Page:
Watch the video below and it’s obvious that there was little agreement in the AutoGuide office about which of these two roadsters is the better car. Despite the MINI Roadster being the latest in a long line of two-seater sports cars from the land of the Redcoats, when it comes to the key qualities of style, fun and value, it’s obvious that the Japanese make a superior British roadster, even to the British.
Starting with the design, the MX-5 is not off to a good start. While it may have a general shape that’s more in keeping with what a sportscar should be, there’s little else to recommend it. It’s lines convey little in the way of emotion and if the Miata’s reputation as a “chick car” wasn’t enough to keep the testosterone-endowed out of the driver’s seat, Mazda’s smiley face front bumper will.
The MINI on the other hand is fashion forward. In fact, it’s likely the brand’s design characteristics are far more important for the majority of owners than it’s fun-to-drive nature. One could easily bestow the “girls car” moniker upon it, though outfitted in Cooper S trim with some nice racing stripes and larger wheels helps give it a slightly more masculine appearance.
Switch over to the interior and the same themes carry forward, though with differing results. The MX-5 (a base Sport model in our test) is definitely simplistic. As a result, however, it’s incredibly easy to use with every button and switch where it should be.
The MINI on the other hand; oh how the interior controls are to be loathed. A stylistic home run, practicality is absent. The comical center speedomer can be ignored, though the toggle switches stand out like a flaw on one of Jerry Seinfeld’s girlfriends.
Even comparing the shifters and the Miata’s is tiny, with short and precise throws, and located exactly where you hand rests. The MINI on the other hand has a knob the size of a baseball and a stick the size of a bat.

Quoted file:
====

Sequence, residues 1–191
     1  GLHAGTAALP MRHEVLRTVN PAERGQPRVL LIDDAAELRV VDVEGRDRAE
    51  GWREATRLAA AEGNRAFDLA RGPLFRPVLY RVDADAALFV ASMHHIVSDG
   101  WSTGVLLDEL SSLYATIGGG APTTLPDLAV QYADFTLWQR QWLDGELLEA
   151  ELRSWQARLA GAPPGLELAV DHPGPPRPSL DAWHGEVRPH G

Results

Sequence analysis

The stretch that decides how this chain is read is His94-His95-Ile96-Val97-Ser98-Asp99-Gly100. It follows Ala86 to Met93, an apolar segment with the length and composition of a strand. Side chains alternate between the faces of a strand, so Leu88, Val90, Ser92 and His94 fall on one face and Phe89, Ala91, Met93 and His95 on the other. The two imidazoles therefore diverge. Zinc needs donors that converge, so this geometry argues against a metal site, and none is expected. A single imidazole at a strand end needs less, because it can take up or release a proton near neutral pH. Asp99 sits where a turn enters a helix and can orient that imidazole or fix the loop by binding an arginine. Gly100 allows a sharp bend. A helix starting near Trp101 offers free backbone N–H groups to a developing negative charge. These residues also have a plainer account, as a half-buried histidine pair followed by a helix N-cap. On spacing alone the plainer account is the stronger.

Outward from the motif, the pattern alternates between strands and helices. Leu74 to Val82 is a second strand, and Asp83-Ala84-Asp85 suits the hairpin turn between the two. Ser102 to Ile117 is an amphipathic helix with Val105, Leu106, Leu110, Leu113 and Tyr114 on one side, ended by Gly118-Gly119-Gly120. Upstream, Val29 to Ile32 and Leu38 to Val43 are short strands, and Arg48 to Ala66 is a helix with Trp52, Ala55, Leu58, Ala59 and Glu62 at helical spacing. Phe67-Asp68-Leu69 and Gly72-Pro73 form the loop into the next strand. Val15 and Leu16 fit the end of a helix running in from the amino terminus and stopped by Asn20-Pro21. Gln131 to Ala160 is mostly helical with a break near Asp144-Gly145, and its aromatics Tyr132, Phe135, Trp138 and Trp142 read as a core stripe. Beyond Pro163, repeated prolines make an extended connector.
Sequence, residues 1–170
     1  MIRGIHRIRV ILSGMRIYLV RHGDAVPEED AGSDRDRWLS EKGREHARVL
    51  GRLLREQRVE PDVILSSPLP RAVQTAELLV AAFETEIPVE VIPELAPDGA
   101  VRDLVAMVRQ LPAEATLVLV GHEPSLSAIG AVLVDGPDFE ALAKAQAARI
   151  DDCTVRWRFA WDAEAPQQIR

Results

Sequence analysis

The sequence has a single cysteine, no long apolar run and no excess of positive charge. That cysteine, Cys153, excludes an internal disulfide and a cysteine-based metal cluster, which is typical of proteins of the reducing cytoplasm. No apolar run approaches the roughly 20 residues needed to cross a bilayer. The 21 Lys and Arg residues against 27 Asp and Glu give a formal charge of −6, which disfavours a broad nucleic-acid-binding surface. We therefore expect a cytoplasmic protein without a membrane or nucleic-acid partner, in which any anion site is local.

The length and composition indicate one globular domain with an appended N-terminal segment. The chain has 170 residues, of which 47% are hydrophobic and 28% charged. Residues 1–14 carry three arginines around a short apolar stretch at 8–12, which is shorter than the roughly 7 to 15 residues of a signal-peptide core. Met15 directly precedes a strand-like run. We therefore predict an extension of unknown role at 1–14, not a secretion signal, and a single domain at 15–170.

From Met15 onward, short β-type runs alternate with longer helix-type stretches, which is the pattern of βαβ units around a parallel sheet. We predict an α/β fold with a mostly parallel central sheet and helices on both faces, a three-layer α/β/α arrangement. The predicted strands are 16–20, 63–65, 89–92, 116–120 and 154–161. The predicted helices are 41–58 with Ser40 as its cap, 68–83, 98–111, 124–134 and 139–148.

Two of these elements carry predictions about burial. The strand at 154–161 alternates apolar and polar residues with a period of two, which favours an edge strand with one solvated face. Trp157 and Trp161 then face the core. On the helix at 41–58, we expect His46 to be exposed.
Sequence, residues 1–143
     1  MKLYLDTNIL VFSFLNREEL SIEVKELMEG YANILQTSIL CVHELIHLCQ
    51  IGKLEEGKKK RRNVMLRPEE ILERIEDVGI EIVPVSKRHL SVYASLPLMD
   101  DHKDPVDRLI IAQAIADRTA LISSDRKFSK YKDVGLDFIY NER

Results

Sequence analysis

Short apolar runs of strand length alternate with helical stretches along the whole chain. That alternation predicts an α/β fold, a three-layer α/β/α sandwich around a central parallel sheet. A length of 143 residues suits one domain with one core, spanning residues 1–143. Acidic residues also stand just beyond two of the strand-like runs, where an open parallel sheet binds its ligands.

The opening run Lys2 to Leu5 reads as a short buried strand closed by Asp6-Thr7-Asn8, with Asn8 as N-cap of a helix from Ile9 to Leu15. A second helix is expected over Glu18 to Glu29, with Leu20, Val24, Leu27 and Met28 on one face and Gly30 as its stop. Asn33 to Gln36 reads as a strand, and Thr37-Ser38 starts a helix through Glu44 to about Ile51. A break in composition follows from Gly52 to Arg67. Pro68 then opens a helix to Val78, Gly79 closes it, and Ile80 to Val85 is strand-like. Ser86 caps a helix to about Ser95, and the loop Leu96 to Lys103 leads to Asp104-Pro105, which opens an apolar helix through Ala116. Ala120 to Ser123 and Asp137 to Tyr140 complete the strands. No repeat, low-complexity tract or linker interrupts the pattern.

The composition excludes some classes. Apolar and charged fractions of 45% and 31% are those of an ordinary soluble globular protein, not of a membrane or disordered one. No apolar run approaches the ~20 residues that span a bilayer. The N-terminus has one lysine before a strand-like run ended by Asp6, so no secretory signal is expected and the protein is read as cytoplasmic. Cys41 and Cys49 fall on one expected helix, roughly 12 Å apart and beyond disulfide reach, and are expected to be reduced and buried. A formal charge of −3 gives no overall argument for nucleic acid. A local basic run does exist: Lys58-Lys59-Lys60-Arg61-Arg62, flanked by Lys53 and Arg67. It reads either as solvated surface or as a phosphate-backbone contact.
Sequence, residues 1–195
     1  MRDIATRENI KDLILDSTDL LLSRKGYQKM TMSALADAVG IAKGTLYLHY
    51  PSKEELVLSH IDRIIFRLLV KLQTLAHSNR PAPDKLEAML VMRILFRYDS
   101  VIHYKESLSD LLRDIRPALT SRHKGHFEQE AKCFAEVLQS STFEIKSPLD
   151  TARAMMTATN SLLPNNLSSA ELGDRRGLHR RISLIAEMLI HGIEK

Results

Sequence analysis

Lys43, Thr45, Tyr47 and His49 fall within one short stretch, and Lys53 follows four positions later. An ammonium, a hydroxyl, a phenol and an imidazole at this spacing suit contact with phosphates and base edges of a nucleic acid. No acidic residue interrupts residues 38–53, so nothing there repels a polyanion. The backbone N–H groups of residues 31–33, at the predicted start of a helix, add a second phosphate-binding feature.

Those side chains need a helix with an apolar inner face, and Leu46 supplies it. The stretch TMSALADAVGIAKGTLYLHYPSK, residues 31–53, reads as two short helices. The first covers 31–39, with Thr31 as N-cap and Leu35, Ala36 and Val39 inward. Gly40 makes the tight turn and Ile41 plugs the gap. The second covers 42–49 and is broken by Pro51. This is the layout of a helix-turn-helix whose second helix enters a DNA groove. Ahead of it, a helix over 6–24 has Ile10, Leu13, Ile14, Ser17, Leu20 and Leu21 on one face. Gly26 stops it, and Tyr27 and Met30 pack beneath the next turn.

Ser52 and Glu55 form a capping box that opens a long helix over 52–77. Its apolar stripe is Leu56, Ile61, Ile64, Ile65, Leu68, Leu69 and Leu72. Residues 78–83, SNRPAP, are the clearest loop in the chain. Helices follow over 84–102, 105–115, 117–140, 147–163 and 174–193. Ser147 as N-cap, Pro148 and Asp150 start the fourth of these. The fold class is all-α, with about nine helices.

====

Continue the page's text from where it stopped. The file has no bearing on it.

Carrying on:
Getting behind the wheel of each car continues to show just how dramatically different the two roadsters are.
The MINI’s seats are rather upright and lack any bolstering at all, feeling like a comfortable park bench – or a Corolla. The Mazda on the other hand hugs you on the sides and sucks you in, like you’re a part of the car.
As a result it’s hard to deny that the MINI is the more suitable driving position for every day use, allowing you to relax more while offering a more commanding view of the road. In the MX-5 you feel as every drive is going to be a white-knuckle affair.
The focused nature of the MX-5 is evident throughout the cabin as well, with little in the way or storage or space. The MINI on the other hand comes with a shelf behind the driver, perfect for tossing a laptop or a purse. It also boasts a pass through to the trunk, which is significantly larger than the Miata’s. Numbers like 8.5 cu-ft (MINI) and 5.3 cu-ft (Mazda) are hard to visualize, but do give the idea that there’s 50 percent more space in the MINI, with large trunk opening for easy access and the ability to store much taller objects.[vs-comparsion-table]
Having driven the MINI first we were convinced the MX-5 would be disappointing. We were wrong.
For starters, the low and tight seating position of this purist’s machine hints at a track-tuned suspension that will beat you up on rough roads. Quite the opposite is true. In fact, the Miata is smooth and soaks up bumps with ease, being dramatically more comfortable than the MINI, which feels as though it has cinderblocks for suspension components.